What do you do when you have chickens and plan on bugging out? You build the chicken house where it will fit on a trailer, or in the bed of a truck.
When my wife and I built the chicken coop we knew that one day we would be moving. So the chicken coop was built so that it would fit on a dual axle trailer. The inside of the trailer measured 7 feet, so the coop was built 6 foot 3 inches wide.
Today (July 20, 2013) my plans were put to the test. Here is the story of moving the chicken house.
What a day. Started off with breakfast, pulled my boat to the camp, picked up my son, back home, then moved the chicken coop into position to be loaded on a trailer.
Loaded the chicken coop on a trailer, dad pulled the coop and trailer to the camp while I had the run on a trailer attached to my truck.
Got to the camp, unloaded the chicken coop, attached it to the new chicken yard then let the chickens out.
The chickens went from a 6X10 enclosure, to a 73X33 yard.
Video about building the chicken yard
How do you move a box that weighs several hundred pounds and does not have wheels? You add wheels, then push it right along its way.
What kind of wheels did I add to the chicken coop? I used the aluminum spindle from my boat seats.
How did we lift the coop up to put the spindle under it? With a 5 foot long pry bar.
How did we get the trailer under the coop? We lifted one end of the coop with a pry bar, set it on blocks, then backed the trailer under the coop. The trailer we used tilted so all we had to do was push the end of the trailer down, then push the coop up on the trailer.
A ratchet strap was ran through both doors of the chicken house.
Each corner of the chicken house legs were screwed to the decking of the trailer.
Moving The Chicken House
For the past 8 years my wife and I have been living close to town, maybe a little too close. I am sick and tired of listening to people playing their loud music, loud cars and trucks, not being able to have a large garden, not being able to have more then a few chickens, having to worry about my neighbors dogs,,, I am just tired of living close to town.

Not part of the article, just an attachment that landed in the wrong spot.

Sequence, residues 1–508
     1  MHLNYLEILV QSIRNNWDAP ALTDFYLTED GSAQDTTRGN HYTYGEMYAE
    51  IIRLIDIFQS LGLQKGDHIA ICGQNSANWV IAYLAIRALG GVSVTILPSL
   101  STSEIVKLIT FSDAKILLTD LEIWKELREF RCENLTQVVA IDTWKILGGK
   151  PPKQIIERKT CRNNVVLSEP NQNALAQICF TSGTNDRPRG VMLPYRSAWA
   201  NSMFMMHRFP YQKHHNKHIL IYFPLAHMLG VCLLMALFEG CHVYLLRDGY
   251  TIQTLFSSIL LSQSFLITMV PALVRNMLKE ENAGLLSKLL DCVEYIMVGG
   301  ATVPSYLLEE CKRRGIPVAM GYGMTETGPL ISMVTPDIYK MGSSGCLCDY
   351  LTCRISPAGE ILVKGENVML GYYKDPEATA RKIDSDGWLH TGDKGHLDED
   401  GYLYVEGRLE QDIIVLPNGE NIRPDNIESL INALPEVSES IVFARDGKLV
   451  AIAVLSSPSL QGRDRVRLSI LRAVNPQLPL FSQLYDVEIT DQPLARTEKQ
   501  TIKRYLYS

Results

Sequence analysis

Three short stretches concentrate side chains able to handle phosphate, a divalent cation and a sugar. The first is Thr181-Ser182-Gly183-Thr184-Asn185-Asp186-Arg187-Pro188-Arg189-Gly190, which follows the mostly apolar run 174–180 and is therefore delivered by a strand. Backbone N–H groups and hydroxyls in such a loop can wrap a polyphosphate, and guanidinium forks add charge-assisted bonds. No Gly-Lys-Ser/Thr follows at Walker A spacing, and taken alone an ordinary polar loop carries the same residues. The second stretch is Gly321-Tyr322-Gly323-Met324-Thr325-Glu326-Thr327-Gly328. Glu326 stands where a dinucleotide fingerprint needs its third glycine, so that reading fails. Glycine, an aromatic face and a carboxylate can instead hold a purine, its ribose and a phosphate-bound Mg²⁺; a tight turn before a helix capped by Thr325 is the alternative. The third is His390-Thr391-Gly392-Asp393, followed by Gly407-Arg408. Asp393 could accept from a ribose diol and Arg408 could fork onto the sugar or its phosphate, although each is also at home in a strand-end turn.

It is time to get back to basics, and get out to the country.
I yearn for peace and quiet, to raise my own food and to take control of the food my family and I eat.
Moving to the farm is just one small step in my goal to be self-reliant.
Pictures from the move
The next phase of my SHTF / TEOTWAWKI chicken project will probably be to install an electric fence to keep predators out of the coop and yard. The system I am looking at is the Parmak DF-SP-LI, which is solar powered and runs off a battery.
After the electric fence is installed I am looking at some kind of automatic watering system with a solar powered pump to pump water from a nearby stream.
Once everything is setup I hope to have at least two, maybe three, 55 gallon drums feeding a system for the chickens to get water from. If I could have two 55 gallon drums holding a total of 100 gallons of water, I would be happy.
After the watering system is on place it will be time to start on the next and final chicken coop.
The current coop measures 6 feet by 8 feet.
The next coop will measure 16 feet by 16 feet.
My goal is to have around 50 – 75 chicken at any given time. But, I would like to be able to support around 100 chickens if the need ever arises.
Latest posts by Kevin Felts (see all)
- Democrats Voting Against Their Best Interest - September 2, 2018
- Cultivating Muscadine Grapes At The Bug Out Location - August 5, 2018
- Life After SHTF: Moving Food From Farm To Market - July 31, 2018
- Planning a Fall / Winter SHTF Survival Garden - July 24, 2018
- Viability of the 308 Winchester for SHTF - July 23, 2018